Early one morning I posted: “You might think that our awful dropout rate would serve to improve the graduation rate.”
That’s backwards, of course. If the kids drop out, they can’t graduate.
BUT, a deeper dive into the data suggests that my backward notion may be about 33% correct.
Let’s start by plotting the dropout rate for the schools with graduating classes against the federal graduation rate. Data are from the 2017 4-year cohort report for 295 schools, with the suppressed data for 19 schools (<10 students in one category or other) omitted.
This is pretty much the expected result: The schools with high graduation rates don’t have many dropouts. Indeed, the 65% R-squared tells us there’s a good correlation here.
That school up top with the 23% dropout rate(!) is Richmond’s Huguenot High School (see below). The other yellow squares are, from the top, Richmond’s Armstrong, Wythe, Marshall (on the left) and JT.
Turning to the advanced studies diplomas, we see much the same pattern but with more scatter.
Notice the low rates at the five Richmond schools.
Last, when we turn to the standard diplomas, we get a result that makes my early-morning blunder look something like an insight:
The considerable scatter here is consonant with the low R-squared value but the pattern still is obvious: Schools with higher rates of standard diplomas (notably the Richmond schools) tend to have higher dropout rates.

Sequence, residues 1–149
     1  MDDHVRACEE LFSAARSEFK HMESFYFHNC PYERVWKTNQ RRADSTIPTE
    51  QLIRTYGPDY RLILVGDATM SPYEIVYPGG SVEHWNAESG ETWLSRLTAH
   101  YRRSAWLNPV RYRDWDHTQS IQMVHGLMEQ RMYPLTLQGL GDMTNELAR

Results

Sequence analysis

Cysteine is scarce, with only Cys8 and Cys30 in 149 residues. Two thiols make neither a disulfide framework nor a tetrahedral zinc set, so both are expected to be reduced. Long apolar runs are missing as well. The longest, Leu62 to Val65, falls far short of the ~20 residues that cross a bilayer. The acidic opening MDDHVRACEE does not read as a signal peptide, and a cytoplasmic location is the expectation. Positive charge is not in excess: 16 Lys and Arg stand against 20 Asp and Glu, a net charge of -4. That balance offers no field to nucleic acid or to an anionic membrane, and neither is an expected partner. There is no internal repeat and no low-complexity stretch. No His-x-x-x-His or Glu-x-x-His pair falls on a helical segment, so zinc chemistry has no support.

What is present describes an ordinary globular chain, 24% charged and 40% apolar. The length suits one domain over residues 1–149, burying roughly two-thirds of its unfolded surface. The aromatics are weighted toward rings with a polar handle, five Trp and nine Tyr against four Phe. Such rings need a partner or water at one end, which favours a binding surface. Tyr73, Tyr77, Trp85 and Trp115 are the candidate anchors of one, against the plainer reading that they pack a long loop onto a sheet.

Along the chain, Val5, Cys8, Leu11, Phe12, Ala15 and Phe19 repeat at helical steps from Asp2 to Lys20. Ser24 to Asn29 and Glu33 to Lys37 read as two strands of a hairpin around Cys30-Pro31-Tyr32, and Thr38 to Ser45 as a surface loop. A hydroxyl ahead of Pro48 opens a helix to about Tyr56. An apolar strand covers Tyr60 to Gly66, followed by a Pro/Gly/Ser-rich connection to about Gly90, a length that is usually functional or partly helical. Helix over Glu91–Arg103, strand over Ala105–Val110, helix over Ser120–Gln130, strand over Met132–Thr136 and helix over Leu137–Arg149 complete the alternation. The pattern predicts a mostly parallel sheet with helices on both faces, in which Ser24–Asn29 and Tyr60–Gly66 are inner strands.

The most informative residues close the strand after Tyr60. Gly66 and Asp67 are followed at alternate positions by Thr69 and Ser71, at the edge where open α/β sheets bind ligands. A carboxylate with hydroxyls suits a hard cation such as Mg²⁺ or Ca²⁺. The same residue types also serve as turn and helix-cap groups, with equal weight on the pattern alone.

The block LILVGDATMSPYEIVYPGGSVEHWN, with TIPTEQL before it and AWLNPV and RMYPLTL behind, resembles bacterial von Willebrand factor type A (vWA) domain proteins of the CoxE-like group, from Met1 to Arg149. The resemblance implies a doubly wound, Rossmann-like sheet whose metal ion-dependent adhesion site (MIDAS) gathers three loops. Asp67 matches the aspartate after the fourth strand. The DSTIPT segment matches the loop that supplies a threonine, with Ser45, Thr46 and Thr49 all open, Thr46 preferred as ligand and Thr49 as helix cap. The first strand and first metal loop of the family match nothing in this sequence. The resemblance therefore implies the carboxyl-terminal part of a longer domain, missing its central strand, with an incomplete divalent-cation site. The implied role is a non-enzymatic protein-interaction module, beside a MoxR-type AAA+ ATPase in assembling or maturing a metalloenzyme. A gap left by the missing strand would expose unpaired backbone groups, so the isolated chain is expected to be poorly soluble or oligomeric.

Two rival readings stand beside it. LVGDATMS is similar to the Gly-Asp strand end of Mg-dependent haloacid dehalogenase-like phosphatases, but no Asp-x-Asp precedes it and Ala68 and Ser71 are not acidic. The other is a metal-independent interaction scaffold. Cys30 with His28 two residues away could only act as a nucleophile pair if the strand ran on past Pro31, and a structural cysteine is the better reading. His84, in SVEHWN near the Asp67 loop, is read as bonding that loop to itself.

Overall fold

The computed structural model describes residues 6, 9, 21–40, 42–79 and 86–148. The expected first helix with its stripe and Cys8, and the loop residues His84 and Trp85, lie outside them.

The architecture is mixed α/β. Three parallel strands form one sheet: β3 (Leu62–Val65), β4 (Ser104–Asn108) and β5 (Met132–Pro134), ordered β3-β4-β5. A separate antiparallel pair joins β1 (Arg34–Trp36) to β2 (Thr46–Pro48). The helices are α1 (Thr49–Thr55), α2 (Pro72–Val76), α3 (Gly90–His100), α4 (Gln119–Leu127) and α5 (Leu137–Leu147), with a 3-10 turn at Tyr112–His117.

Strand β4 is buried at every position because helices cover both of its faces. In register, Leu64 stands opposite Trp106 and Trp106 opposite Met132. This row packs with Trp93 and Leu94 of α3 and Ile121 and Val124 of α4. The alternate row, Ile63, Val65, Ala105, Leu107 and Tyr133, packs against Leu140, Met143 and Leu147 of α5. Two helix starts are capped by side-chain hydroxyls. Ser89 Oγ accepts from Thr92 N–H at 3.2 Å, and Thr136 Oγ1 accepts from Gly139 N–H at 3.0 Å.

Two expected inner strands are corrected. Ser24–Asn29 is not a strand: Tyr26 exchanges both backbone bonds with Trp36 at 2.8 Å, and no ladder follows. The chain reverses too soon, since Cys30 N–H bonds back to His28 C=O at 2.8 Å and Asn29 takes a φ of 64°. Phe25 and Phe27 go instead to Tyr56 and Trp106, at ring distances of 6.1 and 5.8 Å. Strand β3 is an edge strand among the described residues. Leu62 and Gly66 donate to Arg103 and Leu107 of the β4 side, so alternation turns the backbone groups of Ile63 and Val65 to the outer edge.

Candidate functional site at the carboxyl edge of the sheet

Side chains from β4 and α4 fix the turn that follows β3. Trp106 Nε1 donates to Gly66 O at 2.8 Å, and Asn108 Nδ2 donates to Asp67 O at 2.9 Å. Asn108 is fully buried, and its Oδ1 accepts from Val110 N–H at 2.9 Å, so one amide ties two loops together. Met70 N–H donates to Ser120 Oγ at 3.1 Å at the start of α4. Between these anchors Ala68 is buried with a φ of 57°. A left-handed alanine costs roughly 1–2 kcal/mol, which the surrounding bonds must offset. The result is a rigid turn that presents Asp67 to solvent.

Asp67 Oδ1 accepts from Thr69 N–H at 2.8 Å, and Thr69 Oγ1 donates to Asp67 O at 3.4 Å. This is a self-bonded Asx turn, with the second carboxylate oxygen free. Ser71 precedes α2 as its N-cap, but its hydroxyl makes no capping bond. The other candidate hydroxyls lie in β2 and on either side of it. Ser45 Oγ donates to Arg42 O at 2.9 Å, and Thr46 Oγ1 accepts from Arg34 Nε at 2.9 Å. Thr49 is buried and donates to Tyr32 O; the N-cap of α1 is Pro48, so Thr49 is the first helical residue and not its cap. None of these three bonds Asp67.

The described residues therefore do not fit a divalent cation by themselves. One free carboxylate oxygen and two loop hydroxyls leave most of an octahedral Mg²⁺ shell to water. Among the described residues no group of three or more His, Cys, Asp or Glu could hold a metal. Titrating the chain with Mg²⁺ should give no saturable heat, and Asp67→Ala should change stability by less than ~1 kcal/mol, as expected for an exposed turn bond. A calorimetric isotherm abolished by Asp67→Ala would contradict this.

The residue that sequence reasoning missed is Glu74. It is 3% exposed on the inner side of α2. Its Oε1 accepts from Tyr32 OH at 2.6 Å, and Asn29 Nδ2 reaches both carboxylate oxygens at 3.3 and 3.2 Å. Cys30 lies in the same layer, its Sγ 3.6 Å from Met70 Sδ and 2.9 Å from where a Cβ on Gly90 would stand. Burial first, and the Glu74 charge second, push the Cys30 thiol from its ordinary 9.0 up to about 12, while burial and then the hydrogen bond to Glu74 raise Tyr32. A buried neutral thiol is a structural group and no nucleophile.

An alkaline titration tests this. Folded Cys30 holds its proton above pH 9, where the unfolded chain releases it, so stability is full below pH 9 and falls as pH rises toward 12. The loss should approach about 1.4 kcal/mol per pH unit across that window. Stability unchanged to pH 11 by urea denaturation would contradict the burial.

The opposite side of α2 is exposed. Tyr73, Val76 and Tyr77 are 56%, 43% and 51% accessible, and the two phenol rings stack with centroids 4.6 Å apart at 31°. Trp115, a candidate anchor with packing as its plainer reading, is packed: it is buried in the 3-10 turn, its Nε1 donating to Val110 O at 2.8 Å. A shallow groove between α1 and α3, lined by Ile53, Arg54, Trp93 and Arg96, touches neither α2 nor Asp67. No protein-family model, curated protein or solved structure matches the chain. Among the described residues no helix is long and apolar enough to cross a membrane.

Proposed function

Upon reflection, this makes some sense: Schools where more of the graduates hold standard diplomas than advanced are not doing as well overall as the schools that predominantly grant advanced diplomas.
Indeed, Richmond is the Demon of Dropouts, with an 18% division average. That average is driven by the 60% rate (70 of 116) at Richmond Alternative (the dumping ground for troublesome students) and counterbalanced by the 0% rates at the selective schools, Community, Franklin, and Open.
The rates at Richmond’s mainstream high schools disclose other problems:
“ED” is economically disadvantaged; “EL” is English learner; “#N/A” indicates suppression of the datum (small number of students).
The appalling rate of Hispanic dropouts (notably at Huguenot and, to a lesser degree, at Jefferson and Wythe) also contributes to that 18% division average. Also notice the high rates for disabled students.